Here’s what they found:
- Of the 595 full-text articles assessed, 87 studies met all inclusion criteria
- They included 98 independent samples with 159 425 participants (!).
- Demographics. The children were in elementary school (mean age of 6.07) and the majority were male (51.30%).
- Externalizing problems. “In the 90 samples from 80 studies (124 027 children), the correlation was small but significant (r, 0.11…).” There was a gender difference, with males having more externalizing problems.
- Internalizing problems. “In 43 samples from 40 studies (99 603 children), the effect size between child screen time and internalizing problems was weak but significant (r, 0.7…).”
A few thoughts:
1. This is an impressive study.
2. A quick summary: screen time mattered.
3. There is much to like here: yes, the large number of studies and the impressive number of participants. Also, note that they only considered those 12 and under, recognizing that adolescent use of screen time is quite different (think social media).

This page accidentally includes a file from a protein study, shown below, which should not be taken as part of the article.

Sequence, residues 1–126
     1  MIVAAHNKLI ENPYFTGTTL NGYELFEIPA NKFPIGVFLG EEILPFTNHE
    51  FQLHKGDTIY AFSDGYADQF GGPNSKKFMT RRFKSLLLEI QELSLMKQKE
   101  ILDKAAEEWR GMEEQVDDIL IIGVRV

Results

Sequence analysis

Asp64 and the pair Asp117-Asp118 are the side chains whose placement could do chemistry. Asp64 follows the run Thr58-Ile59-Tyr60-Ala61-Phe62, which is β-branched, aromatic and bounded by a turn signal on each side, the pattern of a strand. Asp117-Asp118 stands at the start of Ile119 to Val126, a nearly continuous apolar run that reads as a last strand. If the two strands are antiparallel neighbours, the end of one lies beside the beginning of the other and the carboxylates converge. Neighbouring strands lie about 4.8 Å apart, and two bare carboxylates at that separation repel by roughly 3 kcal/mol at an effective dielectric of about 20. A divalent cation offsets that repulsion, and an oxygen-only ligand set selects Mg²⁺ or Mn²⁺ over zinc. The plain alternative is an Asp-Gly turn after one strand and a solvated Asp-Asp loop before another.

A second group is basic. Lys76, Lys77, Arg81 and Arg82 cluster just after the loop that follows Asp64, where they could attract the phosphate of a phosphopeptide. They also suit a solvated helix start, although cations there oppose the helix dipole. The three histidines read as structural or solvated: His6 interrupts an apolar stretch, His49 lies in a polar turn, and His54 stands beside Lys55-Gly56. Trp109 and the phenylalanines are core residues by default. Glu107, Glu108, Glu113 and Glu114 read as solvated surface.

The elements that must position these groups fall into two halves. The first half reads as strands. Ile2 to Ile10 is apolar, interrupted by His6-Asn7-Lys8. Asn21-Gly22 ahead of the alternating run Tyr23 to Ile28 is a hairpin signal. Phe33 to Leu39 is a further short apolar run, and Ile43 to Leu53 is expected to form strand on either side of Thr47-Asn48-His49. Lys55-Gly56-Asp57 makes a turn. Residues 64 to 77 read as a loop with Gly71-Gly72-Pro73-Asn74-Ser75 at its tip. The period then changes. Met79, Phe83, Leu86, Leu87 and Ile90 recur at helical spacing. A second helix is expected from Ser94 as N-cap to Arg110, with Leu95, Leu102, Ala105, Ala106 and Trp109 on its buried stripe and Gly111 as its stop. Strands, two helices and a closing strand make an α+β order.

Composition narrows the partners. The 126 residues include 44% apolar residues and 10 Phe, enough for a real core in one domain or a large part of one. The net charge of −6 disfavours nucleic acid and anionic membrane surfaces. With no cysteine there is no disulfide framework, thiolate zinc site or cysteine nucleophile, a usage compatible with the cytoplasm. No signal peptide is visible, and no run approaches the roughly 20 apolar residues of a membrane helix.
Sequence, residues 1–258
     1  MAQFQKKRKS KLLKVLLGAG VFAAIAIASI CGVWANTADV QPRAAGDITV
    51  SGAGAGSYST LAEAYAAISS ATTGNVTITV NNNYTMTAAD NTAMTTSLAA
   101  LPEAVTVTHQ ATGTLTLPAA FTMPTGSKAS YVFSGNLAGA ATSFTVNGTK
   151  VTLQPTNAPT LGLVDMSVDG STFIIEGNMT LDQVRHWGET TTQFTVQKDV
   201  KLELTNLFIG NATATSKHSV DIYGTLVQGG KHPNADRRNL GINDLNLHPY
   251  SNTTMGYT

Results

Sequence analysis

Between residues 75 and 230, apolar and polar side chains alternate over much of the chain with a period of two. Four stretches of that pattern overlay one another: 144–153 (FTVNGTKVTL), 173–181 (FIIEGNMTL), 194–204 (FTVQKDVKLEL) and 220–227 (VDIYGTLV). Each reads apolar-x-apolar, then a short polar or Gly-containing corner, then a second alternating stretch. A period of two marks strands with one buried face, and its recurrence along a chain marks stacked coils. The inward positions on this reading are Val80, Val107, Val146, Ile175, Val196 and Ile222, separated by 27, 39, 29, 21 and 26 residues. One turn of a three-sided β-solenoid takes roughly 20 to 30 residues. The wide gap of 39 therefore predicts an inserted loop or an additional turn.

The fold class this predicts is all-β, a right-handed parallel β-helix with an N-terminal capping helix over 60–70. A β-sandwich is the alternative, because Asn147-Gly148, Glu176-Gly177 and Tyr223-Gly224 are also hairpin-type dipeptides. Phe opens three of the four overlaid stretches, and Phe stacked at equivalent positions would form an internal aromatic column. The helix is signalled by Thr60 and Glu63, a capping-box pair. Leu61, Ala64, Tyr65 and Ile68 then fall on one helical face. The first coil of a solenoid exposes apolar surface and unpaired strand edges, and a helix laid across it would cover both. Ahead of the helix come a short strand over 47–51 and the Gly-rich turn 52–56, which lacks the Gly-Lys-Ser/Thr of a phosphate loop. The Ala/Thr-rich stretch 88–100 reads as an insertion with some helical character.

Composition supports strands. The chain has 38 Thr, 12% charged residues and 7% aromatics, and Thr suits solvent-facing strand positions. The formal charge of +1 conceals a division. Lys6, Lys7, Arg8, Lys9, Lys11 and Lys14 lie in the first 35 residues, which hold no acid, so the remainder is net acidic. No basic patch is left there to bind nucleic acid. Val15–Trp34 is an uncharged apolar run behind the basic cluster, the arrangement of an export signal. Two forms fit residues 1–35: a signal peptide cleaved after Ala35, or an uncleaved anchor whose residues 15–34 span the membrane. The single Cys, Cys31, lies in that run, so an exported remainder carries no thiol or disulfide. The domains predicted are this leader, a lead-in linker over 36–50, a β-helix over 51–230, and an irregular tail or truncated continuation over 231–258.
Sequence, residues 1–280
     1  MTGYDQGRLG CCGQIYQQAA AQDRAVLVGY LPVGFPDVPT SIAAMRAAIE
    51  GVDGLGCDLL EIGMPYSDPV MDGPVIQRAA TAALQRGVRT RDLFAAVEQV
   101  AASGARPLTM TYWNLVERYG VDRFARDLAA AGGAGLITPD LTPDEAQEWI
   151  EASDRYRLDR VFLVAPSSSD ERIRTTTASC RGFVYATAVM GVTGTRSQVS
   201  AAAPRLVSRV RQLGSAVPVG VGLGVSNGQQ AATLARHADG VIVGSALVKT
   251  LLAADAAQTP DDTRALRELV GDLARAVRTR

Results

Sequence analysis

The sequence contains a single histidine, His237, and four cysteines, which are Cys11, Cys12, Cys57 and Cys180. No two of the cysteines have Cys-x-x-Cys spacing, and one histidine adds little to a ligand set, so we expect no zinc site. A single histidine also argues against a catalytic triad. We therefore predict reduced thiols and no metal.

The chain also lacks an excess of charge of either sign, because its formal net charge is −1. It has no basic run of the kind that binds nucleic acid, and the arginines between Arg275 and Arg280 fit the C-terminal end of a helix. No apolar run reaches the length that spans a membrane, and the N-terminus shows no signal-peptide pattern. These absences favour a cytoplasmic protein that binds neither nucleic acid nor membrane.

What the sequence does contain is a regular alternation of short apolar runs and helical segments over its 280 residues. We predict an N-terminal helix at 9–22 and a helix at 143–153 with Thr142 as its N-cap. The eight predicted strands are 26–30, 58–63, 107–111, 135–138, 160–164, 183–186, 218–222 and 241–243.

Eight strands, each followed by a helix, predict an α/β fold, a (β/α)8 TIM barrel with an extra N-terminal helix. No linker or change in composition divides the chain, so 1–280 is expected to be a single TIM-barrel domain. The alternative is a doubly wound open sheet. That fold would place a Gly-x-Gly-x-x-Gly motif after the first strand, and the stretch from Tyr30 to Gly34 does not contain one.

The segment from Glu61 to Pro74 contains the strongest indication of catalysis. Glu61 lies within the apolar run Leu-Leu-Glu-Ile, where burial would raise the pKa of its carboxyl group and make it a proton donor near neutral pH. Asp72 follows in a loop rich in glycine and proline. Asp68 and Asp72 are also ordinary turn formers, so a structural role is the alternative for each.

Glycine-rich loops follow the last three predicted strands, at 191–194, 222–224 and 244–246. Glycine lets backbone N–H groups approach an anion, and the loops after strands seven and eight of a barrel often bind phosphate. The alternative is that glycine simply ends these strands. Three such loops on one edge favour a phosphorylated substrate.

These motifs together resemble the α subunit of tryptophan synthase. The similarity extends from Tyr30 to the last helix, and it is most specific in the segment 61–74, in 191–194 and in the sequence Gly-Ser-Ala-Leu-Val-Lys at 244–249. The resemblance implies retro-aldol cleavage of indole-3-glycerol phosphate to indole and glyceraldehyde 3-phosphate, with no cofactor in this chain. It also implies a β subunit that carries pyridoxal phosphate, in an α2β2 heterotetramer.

4. How do the core findings compare to other studies? The authors write: “The magnitude of these correlations is comparable with that found in other meta-analyses on the association between screen time and child language skills and academic performance.”
5. Like all systematic reviews and meta-analyses, the authors drew from existing studies – which, not surprisingly, differed from one another. The source of the reporting was important: “Studies that used more objective methods (eg, observer report) and reporters (eg, peers) of children’s externalizing problems had stronger correlations than those using child, parent, or teacher reports.”
6. Like all papers, there are limitations. They note several, including: “although there was significant heterogeneity for internalizing problems, only 1 of the moderator analyses had significant results. Other important but unexamined moderators, such as genetic susceptibility, sleep, or language development, may have a significant role in associations.”
7. Screen time is a topic of much discussion and research. On Monday, for example, JAMA Pediatrics published a paper considering the impact of limiting recreational screen time on physical activity in an impressive cluster randomized control trail. Not surprisingly, Jesper Pedersen (of the University of Southern Denmark) and his co-authors found: “a recreational screen media reduction intervention resulted in a substantial increase in children’s engagement in physical activity.” They go on to conclude that high levels of screen time should be a public health concern.